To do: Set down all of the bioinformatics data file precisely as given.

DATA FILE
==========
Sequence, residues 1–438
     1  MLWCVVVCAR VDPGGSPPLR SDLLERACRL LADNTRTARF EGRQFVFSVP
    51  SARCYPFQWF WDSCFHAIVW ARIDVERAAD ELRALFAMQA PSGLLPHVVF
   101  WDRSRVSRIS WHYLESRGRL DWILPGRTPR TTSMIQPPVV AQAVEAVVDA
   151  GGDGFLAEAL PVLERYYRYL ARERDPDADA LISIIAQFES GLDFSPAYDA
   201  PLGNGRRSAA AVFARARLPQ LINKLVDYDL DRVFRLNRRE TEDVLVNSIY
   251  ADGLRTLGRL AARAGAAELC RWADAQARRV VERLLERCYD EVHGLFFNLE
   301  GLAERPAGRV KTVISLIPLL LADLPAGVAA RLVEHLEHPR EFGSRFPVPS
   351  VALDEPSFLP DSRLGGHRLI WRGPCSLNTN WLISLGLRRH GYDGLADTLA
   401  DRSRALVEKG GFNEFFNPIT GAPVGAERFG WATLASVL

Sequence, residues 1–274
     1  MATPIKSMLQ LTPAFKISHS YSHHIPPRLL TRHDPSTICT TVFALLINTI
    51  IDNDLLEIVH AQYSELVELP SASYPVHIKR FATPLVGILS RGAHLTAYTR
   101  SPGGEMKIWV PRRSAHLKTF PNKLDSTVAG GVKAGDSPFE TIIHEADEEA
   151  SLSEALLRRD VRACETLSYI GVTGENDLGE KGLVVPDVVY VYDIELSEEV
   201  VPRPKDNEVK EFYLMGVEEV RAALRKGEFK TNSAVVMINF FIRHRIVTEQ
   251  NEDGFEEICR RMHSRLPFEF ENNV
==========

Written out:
Sequence, residues 1–438
     1  MLWCVVVCAR VDPGGSPPLR SDLLERACRL LADNTRTARF EGRQFVFSVP
    51  SARCYPFQWF WDSCFHAIVW ARIDVERAAD ELRALFAMQA PSGLLPHVVF
   101  WDRSRVSRIS WHYLESRGRL DWILPGRTPR TTSMIQPPVV AQAVEAVVDA
   151  GGDGFLAEAL PVLERYYRYL ARERDPDADA LISIIAQFES GLDFSPAYDA
   201  PLGNGRRSAA AVFARARLPQ LINKLVDYDL DRVFRLNRRE TEDVLVNSIY
   251  ADGLRTLGRL AARAGAAELC RWADAQARRV VERLLERCYD EVHGLFFNLE
   301  GLAERPAGRV KTVISLIPLL LADLPAGVAA RLVEHLEHPR EFGSRFPVPS
   351  VALDEPSFLP DSRLGGHRLI WRGPCSLNTN WLISLGLRRH GYDGLADTLA
   401  DRSRALVEKG GFNEFFNPIT GAPVGAERFG WATLASVL

Sequence, residues 1–274
     1  MATPIKSMLQ LTPAFKISHS YSHHIPPRLL TRHDPSTICT TVFALLINTI
    51  IDNDLLEIVH AQYSELVELP SASYPVHIKR FATPLVGILS RGAHLTAYTR
   101  SPGGEMKIWV PRRSAHLKTF PNKLDSTVAG GVKAGDSPFE TIIHEADEEA
   151  SLSEALLRRD VRACETLSYI GVTGENDLGE KGLVVPDVVY VYDIELSEEV
   201  VPRPKDNEVK EFYLMGVEEV RAALRKGEFK TNSAVVMINF FIRHRIVTEQ
   251  NEDGFEEICR RMHSRLPFEF ENNV